The Museum and the Art School as Locations of Haptic Knowledge
The presentation will explore themes relevant to my PhD research and the practice of using objects as a unique way of 'anchoring' learning. Keeping close to the conference's theme the presentation will attempt an exploration of artefacts as channels of specific 'sensuous knowledge' and channels of signifying practices within the spaces of the classroom, the studio, the museum - practices that relate to the haptic understanding of the world as a pedagogy that is both well-established and constantly under threat.
Definitions of 'touch' and 'handling' will be offered as these are situated within contemporary educational research, followed by an historical analysis of how resistance to touch and handling has developed within the spaces of two distinct but inter-connected institutional models, the art school and the museum. Issues relating to the notion of touch as privilege and the historical shift from the haptic to the occularcentric (based on the sense of seeing) didactic model will be investigated within the fields of the museum and the art school. The analysis will be framed using theories derived from the philosophy of phenomenological ontology with reference to the writings of Edmund Husserl, Martin Heidegger and Maurice Merleau-Ponty, suggesting the relationship between consciousness and perception as a methodological tool that unifies and transcends the object-subject dichotomy. These theories have been enlisted as 'keys' which enable individuals to unlock the sensuous knowledge embodied in the material world.
The presentation will draw on specific examples from the British context spanning two centuries, from the early 19thto the early 21st. These will be considered alongside the role of government as a reformer of taste and as the defining agent of institutional attitudes to art and design. In pursuit of these themes I will use primary and secondary sources as well as my own experience as researcher and museum educator. Examples will include the Schools of Design, the British Museum, the Victoria and Albert Museum, the Geffrye Museum, the I.L.E.A./Camberwell Collection and finally the University of the Arts, London. These institutions are all to be found in London and bear evidence to the capital as the pre-dominant cultural field, both on the physical and on the symbolic level. However, the discussion will include travelling collections, which transported the message from the centre to the periphery.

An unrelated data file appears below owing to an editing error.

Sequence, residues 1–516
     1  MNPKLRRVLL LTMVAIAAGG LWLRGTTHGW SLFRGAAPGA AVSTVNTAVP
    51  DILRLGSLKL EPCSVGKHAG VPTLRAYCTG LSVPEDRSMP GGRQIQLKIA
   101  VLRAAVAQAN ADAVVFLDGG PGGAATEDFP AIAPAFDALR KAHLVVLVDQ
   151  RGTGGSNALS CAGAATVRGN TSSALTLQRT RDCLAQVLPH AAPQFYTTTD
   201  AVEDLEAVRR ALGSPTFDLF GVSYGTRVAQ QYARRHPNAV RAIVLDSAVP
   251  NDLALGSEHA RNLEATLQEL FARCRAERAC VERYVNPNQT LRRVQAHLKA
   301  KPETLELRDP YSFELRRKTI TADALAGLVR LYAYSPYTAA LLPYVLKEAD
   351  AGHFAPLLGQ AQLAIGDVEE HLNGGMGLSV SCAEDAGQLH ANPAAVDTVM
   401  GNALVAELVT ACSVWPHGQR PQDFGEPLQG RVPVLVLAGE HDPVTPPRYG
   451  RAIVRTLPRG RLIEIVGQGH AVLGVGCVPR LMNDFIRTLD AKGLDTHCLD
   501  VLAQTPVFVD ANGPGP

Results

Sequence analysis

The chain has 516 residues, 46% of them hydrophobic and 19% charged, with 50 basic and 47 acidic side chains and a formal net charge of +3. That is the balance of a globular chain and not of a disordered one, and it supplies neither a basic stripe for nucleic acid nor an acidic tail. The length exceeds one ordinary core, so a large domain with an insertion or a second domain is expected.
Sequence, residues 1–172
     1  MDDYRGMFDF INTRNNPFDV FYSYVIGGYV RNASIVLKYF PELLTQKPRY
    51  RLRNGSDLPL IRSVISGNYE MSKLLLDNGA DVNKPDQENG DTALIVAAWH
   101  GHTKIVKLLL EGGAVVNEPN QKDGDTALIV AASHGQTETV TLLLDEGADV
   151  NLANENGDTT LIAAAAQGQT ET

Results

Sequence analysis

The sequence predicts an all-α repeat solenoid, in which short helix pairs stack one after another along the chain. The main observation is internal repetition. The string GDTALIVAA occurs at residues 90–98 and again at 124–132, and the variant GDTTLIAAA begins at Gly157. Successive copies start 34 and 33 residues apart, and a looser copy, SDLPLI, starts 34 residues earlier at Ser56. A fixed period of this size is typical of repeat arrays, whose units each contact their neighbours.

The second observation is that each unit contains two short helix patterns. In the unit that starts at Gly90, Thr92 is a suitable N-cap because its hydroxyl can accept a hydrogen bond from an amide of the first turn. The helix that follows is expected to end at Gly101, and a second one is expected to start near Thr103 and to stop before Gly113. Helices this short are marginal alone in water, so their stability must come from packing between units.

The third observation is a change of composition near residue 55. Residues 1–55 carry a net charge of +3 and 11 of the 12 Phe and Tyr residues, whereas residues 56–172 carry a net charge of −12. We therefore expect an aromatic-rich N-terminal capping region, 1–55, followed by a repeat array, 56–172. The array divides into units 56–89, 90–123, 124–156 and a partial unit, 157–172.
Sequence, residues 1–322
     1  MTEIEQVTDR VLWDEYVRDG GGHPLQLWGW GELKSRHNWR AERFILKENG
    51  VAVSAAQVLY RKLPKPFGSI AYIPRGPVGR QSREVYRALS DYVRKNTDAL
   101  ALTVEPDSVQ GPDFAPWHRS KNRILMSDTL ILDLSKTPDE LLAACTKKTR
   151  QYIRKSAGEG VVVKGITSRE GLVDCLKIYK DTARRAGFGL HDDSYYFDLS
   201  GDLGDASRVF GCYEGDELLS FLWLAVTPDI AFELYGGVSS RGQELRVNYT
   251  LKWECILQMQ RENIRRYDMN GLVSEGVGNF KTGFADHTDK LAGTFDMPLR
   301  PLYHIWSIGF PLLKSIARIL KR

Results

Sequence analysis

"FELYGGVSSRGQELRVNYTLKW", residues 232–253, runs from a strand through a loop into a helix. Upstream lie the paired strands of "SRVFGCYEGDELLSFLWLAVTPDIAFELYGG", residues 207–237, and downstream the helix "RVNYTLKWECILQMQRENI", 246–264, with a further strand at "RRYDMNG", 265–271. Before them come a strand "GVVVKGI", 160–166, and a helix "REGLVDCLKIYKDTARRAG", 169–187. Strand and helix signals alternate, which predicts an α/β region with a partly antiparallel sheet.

An extensive report of my contribution as co-curator to the 2012 'Prospectus' exhibition (www.prospectusexhibition.org) will locate my practice as researcher and curator within these debates, defining the boundaries and searching for the conditions that would allow one to overcome them. Since the 'Prospectus' exhibition focused on art educational experiments and took place in a gallery attached to an art college (the Triangle Space at Chelsea College of Arts, part of the University of the Arts) it presents me with the ideal case-study of institutions using their own resources to critically examine their practices. I will demonstrate how the 'Prospectus' exhibition pursued the objectives of curating as research and educational practice and explore how it provided a space for experimental/experiential/sensuous learning, especially through its public programme, which included life drawing classes and an object-handling session.
The paper aims to provide stimuli to the group of peers who can expand on issues surrounding the role of the institution as a space that is both enabling and restricting, and the strategies through which we (artists, researchers, educators) can implement sensuous knowledge as a freeing and empowering learning tool in art and design education.